Boeing XB-39 Superfortress
|Boeing XB-39 serial number: 41-36954|
|Primary user||United States Army Air Forces|
|Developed from||Boeing B-29 Superfortress|
The Boeing XB-39 Superfortress was a United States prototype bomber aircraft, a single example of the B-29 Superfortress converted to fly with alternative powerplants. It was intended to demonstrate that the B-29 could still be put into service even if the first choice of engine, the air-cooled Wright R-3350 radial engine, ran into development or production difficulties.
Design and development
Starting life as the first YB-29 delivered to the United States Army Air Forces, it was sent in November 1943 to the Fisher Body Aircraft Development Section of General Motors to be converted to use Allison V-3420-17 liquid-cooled W24 (twin-V12, common crankcase) inline engines. Fisher was chosen for the modification as it was familiar with the engine, as it was to power the P-75 Eagle that they were then developing. Testing on it began in early 1944.
Further development of the engine and the aircraft was delayed by a series of changes in the planned turbosuperchargers, as the originally specified GE Type CM-2 two-stage turbosupercharger became unavailable due to demands on GE's production of its other turbosuperchargers. Other turbosuperchargers were considered, but the end result was that the first flights of the B-39 had to be made without any turbosuperchargers at all.
In addition, in early 1944, due to a sudden realization from the U.S. Army Air Forces that it required a long range air superiority fighter, Fisher was directed to focus on its other major project, the P-75 Eagle. In June 1944, Fisher received a contract for 2,500 P-75s. However, in October 1944, for a variety of reasons, the P-75 was canceled.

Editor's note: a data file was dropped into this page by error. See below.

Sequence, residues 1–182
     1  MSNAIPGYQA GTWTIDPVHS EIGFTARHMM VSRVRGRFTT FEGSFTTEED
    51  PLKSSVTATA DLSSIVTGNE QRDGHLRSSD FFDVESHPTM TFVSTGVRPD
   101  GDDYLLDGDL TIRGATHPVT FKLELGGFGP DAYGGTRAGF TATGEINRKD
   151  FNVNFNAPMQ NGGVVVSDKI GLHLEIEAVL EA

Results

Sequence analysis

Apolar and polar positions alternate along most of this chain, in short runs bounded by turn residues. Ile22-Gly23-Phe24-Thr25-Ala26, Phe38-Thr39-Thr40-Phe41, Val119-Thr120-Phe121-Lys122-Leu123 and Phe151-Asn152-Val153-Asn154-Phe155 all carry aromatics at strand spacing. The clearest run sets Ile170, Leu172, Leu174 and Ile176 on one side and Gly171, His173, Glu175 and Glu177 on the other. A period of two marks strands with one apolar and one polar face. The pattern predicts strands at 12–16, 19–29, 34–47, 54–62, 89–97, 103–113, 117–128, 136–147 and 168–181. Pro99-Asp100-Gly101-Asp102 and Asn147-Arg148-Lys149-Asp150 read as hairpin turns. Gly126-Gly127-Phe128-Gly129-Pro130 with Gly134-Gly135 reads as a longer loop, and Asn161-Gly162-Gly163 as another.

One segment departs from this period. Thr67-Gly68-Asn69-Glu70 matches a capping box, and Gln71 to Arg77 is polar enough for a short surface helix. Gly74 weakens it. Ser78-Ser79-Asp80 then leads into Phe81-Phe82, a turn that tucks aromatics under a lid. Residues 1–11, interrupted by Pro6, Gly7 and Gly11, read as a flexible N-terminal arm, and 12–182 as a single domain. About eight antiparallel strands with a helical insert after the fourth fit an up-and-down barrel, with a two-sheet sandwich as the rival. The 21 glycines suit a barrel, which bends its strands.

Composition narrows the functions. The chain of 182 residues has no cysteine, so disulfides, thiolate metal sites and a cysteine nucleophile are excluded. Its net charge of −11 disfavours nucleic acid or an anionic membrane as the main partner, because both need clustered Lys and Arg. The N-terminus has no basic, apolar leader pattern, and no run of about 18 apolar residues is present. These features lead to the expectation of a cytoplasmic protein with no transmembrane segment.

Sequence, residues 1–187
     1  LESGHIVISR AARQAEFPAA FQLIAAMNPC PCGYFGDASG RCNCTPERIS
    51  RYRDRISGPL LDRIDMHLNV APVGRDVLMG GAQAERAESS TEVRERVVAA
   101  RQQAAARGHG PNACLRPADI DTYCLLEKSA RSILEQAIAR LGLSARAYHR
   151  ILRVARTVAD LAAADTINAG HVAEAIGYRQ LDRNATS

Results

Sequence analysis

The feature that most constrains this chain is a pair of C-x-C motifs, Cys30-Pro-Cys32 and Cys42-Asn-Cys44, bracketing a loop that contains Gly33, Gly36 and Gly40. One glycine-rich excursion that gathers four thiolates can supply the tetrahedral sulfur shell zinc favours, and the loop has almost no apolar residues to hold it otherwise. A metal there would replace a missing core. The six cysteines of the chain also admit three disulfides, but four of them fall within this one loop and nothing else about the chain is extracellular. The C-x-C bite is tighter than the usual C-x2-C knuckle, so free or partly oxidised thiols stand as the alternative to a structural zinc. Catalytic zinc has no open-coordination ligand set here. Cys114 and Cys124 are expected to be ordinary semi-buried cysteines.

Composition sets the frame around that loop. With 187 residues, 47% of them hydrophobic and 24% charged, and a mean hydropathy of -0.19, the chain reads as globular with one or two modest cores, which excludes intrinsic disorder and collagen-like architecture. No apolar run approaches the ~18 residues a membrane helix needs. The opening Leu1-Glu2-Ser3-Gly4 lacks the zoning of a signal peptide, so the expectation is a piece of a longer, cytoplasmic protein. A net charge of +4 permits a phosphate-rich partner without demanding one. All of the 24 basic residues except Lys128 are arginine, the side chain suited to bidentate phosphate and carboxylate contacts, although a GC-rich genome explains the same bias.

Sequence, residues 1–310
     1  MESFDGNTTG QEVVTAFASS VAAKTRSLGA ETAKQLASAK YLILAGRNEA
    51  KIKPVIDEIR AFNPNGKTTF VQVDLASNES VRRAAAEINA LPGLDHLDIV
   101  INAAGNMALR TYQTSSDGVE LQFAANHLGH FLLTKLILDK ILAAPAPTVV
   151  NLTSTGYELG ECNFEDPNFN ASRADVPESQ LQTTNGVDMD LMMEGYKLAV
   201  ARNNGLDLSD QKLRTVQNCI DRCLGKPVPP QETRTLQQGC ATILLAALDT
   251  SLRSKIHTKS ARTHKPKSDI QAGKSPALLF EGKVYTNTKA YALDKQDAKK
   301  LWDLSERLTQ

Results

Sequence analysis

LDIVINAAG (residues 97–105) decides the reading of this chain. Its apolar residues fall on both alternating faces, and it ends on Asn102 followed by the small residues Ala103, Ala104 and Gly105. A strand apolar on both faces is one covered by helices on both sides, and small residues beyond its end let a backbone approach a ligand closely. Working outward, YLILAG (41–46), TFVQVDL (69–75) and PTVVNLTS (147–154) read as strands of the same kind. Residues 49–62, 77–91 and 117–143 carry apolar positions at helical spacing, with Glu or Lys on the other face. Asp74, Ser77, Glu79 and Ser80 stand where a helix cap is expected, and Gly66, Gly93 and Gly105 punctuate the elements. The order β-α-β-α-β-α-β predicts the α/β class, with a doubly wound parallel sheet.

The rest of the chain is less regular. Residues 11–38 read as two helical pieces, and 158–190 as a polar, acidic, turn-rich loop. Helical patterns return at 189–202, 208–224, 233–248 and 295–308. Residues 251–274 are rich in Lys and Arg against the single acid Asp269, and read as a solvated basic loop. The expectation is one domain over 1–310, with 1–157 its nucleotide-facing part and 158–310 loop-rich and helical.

Fisher finally focused again on the B-39. The first flight of the B-39 was made on 9 December 1944 at Cleveland, Ohio. The initial flight tests of the B-39, without turbosuperchargers installed, were impressive. However, the B-39 program was by now seriously delayed, and the flawed R-3350 B-29s had already been rushed into combat in June 1944.
Despite continuing problems with the B-29s, the aircraft was functioning well enough in combat that it no longer made any sense to shift resources in the manufacturing base to a new engine for the B-29 and so the B-39 was not ordered into production.
- Crew: 10: pilot, co-pilot, flight engineer, bombardier, navigator, radio operator, side gunners (two), top gunner, and tail gunner
- Length: 99 ft 0 in (30.18 m)
- Wingspan: 141 ft 3 in (43.05 m)
- Height: 27 ft 9 in (8.46 m)
- Wing area: 1736 ft² (161.3 m²)
- Empty weight: 74,500 lb (33,800 kg)
- Loaded weight: 120,000 lb (54,000 kg)
- Max. takeoff weight: 133,500 lb (60,560 kg)
- Powerplant: 4 × Allison V-3420-11 liquid-cooled W24 (double-vee) engines, 2,100 hp (1,600 kW) each
- Maximum speed: 405 mph (351 knots, 648 km/h)
- Range: 6,290 mi (5,460 nm, 10,060 km)
- Service ceiling: 35,000 ft (11,000 m)
- Wing loading: 69.12 lb/ft² (337.5 kg/m²)
- Power/mass: 0.073 hp/lb (121 W/kg)
- Bombs: 20,000 lb (9,000 kg)
- Related development
- Related lists
- Flying Magazine,August 1945, p. 51.
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